Diborane is a chemical compound that consists of boron and hydrogen atoms and has a molecular formula B2H6. This substance is highly unstable at room temperature with a sweet odour. The compounds consisting of boron and hydrogen atoms are called boranes. Diborane is one of the simplest boron hydrides.
The boron hydrides mix well with the air forming explosive mixtures. This substance will ignite rapidly at room temperature. The other names for diborane are boro ethane and diboron hexahydride.
Table of Contents
- Structure of Diborane
- Properties of Diborane
- Preparation of Diborane
- Uses and Applications of Diborane
Structure of Diborane
The structure of the diborane molecule consists of four hydrogen atoms and of two boron atoms coming on the same plane. In between these planes, there are said to be two dividing atoms of hydrogen.
The boron atom is known to be sp3 hybridised and has four hybrid orbitals. From these four hybrid orbitals, three of the orbitals have one electron each, out of which one is an empty orbital. The two electrons of the hybrid orbitals in each of the boron atoms form 2 bonds with the 1s hydrogen atoms. The two atoms of boron left with that of each unpaired electron orbital and empty orbital form the two bridgings (B–H–B) bonds with that of the two 1s hydrogen atoms, which is also called the banana bond.
Properties of Diborane
Some of the physical and chemical properties of diborane are as given below:
- Diborane is said to be a colourless and highly flammable type of gas at room temperature. At high concentrations, it ignites rapidly in the presence of moist air at room temperature.
- It smells sweet.
- It is said to have a boiling point of about 180 K and is a toxic gas.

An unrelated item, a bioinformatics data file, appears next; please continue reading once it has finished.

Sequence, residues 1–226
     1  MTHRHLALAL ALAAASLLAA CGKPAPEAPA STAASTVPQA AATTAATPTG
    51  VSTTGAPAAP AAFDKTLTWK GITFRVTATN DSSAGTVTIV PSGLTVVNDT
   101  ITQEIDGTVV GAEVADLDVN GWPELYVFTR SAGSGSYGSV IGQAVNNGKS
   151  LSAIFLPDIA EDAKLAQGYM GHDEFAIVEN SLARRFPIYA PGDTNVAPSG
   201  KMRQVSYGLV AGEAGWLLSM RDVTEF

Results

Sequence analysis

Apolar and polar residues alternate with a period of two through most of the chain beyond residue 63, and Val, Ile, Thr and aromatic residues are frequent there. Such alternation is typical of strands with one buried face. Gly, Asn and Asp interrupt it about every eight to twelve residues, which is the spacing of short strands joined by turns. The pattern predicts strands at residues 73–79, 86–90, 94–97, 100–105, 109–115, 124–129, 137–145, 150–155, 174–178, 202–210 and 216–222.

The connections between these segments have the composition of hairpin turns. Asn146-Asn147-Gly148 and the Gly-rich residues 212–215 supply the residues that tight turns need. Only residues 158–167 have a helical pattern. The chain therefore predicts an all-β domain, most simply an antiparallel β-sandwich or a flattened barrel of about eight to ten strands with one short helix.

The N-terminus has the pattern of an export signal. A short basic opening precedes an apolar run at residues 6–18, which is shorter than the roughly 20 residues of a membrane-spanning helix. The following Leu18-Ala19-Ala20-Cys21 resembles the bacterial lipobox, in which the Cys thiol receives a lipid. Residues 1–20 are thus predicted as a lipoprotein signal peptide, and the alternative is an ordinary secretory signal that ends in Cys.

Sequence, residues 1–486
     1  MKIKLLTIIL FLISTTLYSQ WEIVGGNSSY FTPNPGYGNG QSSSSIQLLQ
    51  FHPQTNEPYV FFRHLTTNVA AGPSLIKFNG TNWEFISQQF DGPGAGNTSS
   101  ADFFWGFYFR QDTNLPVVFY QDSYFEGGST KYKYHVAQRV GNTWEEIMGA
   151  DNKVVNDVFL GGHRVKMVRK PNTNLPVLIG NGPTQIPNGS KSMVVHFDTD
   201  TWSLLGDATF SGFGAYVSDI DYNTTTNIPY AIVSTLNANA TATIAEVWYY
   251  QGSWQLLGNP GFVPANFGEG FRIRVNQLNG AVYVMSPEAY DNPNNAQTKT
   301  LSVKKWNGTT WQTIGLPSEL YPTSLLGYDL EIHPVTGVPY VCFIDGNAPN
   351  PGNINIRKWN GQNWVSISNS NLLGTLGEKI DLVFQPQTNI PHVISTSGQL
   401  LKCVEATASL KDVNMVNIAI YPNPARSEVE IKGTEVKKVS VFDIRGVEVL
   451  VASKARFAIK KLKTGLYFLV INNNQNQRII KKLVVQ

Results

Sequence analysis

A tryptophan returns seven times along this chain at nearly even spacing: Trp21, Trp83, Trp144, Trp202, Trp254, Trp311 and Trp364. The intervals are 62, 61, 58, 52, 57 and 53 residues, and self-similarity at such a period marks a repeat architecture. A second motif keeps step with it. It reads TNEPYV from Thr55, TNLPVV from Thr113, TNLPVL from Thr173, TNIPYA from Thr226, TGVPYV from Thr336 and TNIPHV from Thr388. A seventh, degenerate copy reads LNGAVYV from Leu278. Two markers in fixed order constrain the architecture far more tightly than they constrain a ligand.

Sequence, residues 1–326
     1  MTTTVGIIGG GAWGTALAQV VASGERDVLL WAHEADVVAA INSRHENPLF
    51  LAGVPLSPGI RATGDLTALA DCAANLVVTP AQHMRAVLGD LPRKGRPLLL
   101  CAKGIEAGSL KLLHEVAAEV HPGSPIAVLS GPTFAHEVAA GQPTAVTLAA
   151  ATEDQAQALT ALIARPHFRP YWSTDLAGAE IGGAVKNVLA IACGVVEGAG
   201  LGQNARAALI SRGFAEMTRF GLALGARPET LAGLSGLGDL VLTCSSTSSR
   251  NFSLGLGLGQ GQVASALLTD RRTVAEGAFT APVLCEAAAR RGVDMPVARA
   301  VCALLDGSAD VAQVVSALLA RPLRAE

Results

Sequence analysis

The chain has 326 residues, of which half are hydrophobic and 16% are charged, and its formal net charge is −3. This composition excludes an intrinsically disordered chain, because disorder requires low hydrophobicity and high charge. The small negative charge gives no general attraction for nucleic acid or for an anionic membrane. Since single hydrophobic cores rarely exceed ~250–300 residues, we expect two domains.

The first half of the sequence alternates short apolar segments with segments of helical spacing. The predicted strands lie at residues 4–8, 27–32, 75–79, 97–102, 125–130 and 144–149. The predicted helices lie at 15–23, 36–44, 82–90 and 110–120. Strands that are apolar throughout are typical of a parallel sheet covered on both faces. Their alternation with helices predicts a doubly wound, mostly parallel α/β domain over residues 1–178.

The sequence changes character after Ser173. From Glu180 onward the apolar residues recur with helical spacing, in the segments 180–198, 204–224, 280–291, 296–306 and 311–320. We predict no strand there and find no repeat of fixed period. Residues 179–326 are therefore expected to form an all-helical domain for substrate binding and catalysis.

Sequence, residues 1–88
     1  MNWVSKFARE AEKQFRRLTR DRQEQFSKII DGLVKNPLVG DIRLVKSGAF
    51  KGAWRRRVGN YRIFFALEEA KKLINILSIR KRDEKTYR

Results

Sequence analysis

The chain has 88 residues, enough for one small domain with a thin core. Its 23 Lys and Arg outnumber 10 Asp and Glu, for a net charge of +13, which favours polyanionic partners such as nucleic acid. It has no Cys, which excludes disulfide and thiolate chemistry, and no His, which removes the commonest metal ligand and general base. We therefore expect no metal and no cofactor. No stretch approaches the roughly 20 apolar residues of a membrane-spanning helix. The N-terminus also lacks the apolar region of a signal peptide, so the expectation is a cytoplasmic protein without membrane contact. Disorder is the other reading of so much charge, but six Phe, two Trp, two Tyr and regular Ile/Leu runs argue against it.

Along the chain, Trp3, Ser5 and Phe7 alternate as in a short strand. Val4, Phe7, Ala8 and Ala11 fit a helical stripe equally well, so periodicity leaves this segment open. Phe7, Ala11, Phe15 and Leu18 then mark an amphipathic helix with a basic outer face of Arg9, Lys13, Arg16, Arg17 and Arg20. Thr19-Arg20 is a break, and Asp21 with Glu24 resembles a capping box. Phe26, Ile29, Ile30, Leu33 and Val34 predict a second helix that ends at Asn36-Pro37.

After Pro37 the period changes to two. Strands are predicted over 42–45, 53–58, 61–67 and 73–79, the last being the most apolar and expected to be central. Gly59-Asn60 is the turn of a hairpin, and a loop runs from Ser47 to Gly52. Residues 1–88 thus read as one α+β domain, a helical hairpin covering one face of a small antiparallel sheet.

- It releases a huge amount of energy when burnt in the presence of oxygen.
- Diborane readily hydrolyses in water to give hydrogen gas and boric acid.
- Most of the diborane is known to be flammable in the air.
Preparation of Diborane
The action of a metal hydride with boron produced diborane. This approach is common in the industrial production of diborane.
The reaction of iodine with sodium borohydride in diglyme can also produce diborane in small quantities.
2NaBH4 + I2 → B2H6 + 2NaI + H2
On heating magnesium boride with HCl, a mixture of volatile boranes is obtained.
2Mg3B2 + 12HCl → 6MgCl2 + B4H10 + H2
B4H10 + H2 → 2B2H6
– Pure diborane does not react with air or oxygen at room temperature, but it gives B2O3 together with large amounts of energy in impure form.
B2H6 + 3O2 → B2O3 + 3H2O
ΔH = -2165 KJ mol-1
– Diborane reacts with methyl alcohol to give trimethyl borate.
B2H6 + 6CH3OH → 2B(OCH3)3 + 6H2
– Reaction with ionic hydrides
It forms metal borohydrides when treated with metal hydrides
– Reaction with ammonia
Diborane is given when treated with excess ammonia at low temperatures. It gives borazole when heated at higher temperatures.
The ether solvent, diborane, adds alkenes and alkynes at room temperature. This reaction is called hydroboration and is commonly used in synthetic organic chemistry, especially for the addition of anti-Markovnikov.
B2H6 + 6RCH=CHR → 2B(RCH-CH2R)3
Uses and Applications of Diborane
Diborane is a chemical substance that has many applications in various fields, and some are given below:
- Diborane is used as a rocket propellant.
- It is utilised in the manufacture of borophosphosilicate which is a form of glass.
- In most of the chemical reactions, it is employed as a reducing agent.
- Diborane is used as a catalyst and rubber vulcaniser in polymerisation reactions.
- It is even used as a doping agent in the manufacturing of semiconductor devices.